Airspace Management is Next Challenge

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Detect and avoid systems are essential when performing the beyond visual line of sight (BVLOS) flights required for drone deliveries. A new detect-and-avoid airspace management system could one day be used to enable drones to make critical deliveries during a pandemic or natural disaster. 

Deliveries could be anything from a virus testing kit to receiving a sample and flying to a lab or delivering routine medical supplies to rural locations or locations where people are social distancing.

Vigilant Aerospace Systems recently demonstrated its FlightHorizon system, tracking Oklahoma State University’s (OSU) specially-modified medical supply delivery drone as well as surrounding air traffic. 

The modified Nimbus VTOL V2 drone used in the test is equipped with a MaxQ temperature-controlled delivery payload. The flight was carried out by OSU’s Unmanned Systems Research Institute, as reported by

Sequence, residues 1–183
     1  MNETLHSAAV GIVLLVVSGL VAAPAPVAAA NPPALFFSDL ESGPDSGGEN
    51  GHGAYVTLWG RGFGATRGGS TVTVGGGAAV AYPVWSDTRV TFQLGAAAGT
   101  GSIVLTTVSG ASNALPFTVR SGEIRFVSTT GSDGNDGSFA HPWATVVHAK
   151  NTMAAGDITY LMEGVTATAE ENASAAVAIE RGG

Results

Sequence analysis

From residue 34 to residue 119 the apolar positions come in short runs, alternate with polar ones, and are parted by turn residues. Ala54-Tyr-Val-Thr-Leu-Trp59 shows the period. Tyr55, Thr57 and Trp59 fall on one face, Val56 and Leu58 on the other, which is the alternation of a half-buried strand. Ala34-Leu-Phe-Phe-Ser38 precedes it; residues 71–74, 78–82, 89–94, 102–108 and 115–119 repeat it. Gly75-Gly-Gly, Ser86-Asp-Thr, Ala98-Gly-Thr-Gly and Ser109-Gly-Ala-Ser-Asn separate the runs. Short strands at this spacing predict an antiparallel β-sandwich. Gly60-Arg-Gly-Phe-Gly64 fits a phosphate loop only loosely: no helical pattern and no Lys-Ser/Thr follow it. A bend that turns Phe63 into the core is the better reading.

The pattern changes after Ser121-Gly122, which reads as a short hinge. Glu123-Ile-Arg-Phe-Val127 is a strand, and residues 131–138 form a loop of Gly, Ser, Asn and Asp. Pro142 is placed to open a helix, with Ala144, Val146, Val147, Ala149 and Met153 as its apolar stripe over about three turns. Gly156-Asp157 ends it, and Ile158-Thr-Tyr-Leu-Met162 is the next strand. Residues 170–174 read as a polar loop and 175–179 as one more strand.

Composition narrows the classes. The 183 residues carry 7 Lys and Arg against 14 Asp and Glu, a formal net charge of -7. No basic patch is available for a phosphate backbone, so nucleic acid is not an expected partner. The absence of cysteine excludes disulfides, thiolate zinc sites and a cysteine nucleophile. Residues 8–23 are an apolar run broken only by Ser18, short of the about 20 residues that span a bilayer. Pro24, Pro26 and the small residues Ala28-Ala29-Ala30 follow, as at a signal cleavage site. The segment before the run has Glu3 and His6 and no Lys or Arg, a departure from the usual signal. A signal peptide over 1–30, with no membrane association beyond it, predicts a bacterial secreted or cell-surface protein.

The system successfully tracked both cooperative and noncooperative air traffic well beyond the UAS pilot’s visual line of sight.

One of the biggest challenges to using drones for these types of deliveries is the lack of safety criteria for BVLOS flights. Vigilant Aerospace CEO Kraettli Epperson said: “We know systems like this are being used outside the U.S., particularly in Africa and other places with much less complex airspace.” “The question is how do we design a system that can do it safely in the U.S. so everyone is comfortable with it. We’re hoping to see these types of deliveries happening in the U.S. in the short term, but we also know we have to collect the data. We’re doing flight tests now to advance the safety case and help provide the system needed for the FAA.”

The new system takes in data from multiple sources to track the drone and surrounding aircraft, including a radar transponder, a receiver and onboard telemetry from the drone’s flight control system. If it identifies a conflict or a loss of correct safety distance between the drone and other aircraft, the pilot on the ground is alerted. The system allows the pilot or autopilot to avoid potential conflict. Radar is the newest sensor to be added to the prototype, which is being used in multiple NASA and FAA R&D projects.